Starbucks: More Than 30 Percent Of All Transactions Use Starbucks Card

More than 30 percent of all Starbucks (NASDAQ:SBUX) customers use the chain's stored-value card—and 10 percent of all U.S. shoppers use the chain's mobile app to make purchases—according to comments made Tuesday (June 18) by Starbucks CFO Troy Alstead.

It's been well established that Starbucks has made more progress with its mobile and card programs than any other chain, but no figures had been released until Alstead's speech at the Jefferies Global Consumer Conference.

Alstead also referenced the chain's CRM program and said 25 percent of all shoppers use that program. In many ways, there is a lot of overlap between the programs. A shopper has a cardboard Starbucks card (stored value) with a barcode on the back. The mobile simply shows a picture of that same barcode. If the shopper goes online and registers the card, then that same card is now also acting as a CRM card.

Alstead, who also serves as the chain's chief administrative officer (CAO), also touched on nontraditional Starbucks efforts, such as having a Starbucks store that literally moves with its shoppers. "It's a train car that's actually in the Swiss Train System: an entire Starbucks store that will travel with that train and we're very excited about that opportunity," he said.

That is a compelling idea. It's a trainload of consumers whose main choice for coffee (and related items) is the Starbucks store on the train or whatever the train offers. (Insert obligatory line about Starbucks truly embracing mobile commerce. Either that or a reference to this being a new Starbucks training program. Folks, we got a million of 'em.)

Speaking of coffee supplemental items, Alstead also revealed how Starbucks' food program is proceeding. "In the U.S., food is about 19 percent of the sales mix within a store. Approximately one-third of our transactions in U.S. stores have a food item on them. Two-thirds of those transactions do not have food on them and that really represents the opportunity as we see it," he said. "Of those two-thirds of the people, 50 million to 60 million customers coming into our stores every week, many of those two-thirds of the people want food. We've already acquired that customer. They have come in the store, they're interested in food, they're ready to give us money."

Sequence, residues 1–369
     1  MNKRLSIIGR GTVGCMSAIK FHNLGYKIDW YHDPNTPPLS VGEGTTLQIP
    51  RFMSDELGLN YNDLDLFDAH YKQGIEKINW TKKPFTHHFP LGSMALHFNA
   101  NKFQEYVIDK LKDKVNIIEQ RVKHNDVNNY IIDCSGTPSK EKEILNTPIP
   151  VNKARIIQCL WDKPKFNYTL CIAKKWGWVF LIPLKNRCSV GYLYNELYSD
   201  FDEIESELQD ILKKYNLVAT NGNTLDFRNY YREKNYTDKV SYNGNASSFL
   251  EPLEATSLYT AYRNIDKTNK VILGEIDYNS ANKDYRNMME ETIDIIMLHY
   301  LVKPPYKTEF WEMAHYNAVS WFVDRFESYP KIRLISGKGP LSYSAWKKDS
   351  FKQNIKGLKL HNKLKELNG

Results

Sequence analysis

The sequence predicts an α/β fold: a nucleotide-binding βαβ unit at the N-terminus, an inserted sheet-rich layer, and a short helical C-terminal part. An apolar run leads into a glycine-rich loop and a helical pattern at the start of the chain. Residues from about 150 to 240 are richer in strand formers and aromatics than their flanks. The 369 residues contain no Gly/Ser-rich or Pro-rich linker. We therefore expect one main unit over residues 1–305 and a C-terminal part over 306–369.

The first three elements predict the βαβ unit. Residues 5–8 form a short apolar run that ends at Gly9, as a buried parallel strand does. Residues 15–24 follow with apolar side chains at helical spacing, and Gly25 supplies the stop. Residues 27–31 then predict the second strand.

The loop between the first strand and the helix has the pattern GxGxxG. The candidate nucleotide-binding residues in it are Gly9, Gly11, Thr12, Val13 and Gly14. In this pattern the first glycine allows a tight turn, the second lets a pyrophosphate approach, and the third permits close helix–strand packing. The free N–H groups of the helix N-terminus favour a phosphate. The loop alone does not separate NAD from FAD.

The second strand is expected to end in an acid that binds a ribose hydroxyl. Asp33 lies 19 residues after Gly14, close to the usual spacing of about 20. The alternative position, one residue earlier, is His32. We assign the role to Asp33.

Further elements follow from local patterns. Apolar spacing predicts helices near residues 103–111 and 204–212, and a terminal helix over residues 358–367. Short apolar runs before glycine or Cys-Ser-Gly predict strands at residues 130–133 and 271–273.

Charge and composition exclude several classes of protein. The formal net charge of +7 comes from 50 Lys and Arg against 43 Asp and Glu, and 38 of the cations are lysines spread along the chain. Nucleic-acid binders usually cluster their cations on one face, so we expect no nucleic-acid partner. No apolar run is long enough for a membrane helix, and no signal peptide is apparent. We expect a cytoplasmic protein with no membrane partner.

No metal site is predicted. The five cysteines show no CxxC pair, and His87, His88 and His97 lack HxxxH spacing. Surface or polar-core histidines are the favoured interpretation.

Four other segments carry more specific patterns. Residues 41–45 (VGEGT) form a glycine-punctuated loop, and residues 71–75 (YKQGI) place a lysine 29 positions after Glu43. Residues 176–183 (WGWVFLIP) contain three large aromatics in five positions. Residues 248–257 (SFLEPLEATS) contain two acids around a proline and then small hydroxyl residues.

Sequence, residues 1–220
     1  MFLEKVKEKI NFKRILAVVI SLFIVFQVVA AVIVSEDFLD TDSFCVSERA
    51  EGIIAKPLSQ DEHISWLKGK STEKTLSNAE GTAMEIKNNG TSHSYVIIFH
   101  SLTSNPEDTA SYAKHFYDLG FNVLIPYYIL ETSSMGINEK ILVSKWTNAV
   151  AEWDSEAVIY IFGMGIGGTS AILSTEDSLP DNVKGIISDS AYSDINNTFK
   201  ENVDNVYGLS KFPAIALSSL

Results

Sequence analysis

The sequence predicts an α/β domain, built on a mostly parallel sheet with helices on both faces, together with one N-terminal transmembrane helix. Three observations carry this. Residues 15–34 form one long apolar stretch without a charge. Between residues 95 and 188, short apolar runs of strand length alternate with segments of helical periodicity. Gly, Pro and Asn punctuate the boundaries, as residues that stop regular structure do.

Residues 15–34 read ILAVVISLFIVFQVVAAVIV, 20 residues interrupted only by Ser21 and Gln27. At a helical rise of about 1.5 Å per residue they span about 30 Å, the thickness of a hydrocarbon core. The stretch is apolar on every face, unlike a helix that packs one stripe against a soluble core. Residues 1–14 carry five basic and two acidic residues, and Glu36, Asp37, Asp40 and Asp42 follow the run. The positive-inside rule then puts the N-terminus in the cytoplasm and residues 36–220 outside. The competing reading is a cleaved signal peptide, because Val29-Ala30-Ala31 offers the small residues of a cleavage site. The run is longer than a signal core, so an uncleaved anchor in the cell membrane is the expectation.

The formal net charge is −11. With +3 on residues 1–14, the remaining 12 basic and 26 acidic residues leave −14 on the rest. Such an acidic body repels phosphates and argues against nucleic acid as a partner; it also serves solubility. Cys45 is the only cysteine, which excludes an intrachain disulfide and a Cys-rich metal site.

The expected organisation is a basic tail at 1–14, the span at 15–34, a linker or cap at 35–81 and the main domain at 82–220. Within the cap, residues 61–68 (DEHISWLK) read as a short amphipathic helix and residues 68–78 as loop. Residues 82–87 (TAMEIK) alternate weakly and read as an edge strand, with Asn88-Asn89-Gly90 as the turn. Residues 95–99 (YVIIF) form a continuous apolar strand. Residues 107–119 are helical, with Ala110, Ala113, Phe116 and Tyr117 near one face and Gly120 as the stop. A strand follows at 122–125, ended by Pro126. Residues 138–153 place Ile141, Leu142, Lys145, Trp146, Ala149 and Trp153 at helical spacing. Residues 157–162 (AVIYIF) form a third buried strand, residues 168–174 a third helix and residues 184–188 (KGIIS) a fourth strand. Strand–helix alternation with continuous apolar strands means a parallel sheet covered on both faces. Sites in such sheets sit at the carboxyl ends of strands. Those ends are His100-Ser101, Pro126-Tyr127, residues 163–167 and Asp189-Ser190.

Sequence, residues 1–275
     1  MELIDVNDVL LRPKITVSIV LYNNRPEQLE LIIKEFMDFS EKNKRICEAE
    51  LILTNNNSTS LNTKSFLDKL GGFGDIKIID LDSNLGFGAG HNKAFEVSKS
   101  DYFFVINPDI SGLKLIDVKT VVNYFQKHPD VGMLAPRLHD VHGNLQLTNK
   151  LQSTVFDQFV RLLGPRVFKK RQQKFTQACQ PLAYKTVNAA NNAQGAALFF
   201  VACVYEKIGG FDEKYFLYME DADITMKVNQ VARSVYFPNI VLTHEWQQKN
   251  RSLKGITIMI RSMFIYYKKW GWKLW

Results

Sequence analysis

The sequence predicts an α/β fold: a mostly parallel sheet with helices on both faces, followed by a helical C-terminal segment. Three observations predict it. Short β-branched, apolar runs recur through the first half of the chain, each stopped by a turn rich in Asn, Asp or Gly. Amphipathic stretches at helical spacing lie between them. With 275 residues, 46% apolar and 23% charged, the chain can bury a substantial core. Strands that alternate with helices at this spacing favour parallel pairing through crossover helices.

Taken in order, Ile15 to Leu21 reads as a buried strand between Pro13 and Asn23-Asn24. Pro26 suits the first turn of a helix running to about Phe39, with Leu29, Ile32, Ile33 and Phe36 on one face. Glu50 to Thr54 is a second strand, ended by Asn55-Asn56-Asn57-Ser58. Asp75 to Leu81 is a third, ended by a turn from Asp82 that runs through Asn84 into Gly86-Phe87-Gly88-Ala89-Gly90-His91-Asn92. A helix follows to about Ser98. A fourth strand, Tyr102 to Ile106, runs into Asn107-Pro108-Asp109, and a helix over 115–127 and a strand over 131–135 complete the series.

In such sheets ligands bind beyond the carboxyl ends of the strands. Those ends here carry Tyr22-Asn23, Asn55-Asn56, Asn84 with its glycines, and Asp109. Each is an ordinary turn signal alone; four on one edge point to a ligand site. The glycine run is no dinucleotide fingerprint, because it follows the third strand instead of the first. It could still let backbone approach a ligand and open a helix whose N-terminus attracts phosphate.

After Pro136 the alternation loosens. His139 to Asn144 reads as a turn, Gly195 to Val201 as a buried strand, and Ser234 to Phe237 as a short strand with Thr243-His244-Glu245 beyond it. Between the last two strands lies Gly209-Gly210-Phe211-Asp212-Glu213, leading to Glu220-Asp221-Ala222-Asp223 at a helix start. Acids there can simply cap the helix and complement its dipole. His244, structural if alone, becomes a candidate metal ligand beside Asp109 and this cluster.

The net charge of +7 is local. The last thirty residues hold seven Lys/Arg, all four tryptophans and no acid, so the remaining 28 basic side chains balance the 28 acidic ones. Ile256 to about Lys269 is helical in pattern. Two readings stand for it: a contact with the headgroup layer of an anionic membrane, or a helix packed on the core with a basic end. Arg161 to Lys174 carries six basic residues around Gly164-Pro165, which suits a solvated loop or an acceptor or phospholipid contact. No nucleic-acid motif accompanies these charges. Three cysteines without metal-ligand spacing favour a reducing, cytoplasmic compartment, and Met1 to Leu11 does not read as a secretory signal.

Alstead said the chain has had to deal with two hurdles. First, the food usually didn't taste very good. "Our food often historically has not met their expectations. It's not been up to the quality they expect when they come into Starbucks," he said.

The second hurdle is that the food wasn't appropriate to the time of day, such as an absence of lunch offerings. The CFO said both problems are now being addressed.

Given Starbucks' coffee-only reputation, the fact that it's selling food to one out of every three customers is pretty impressive.

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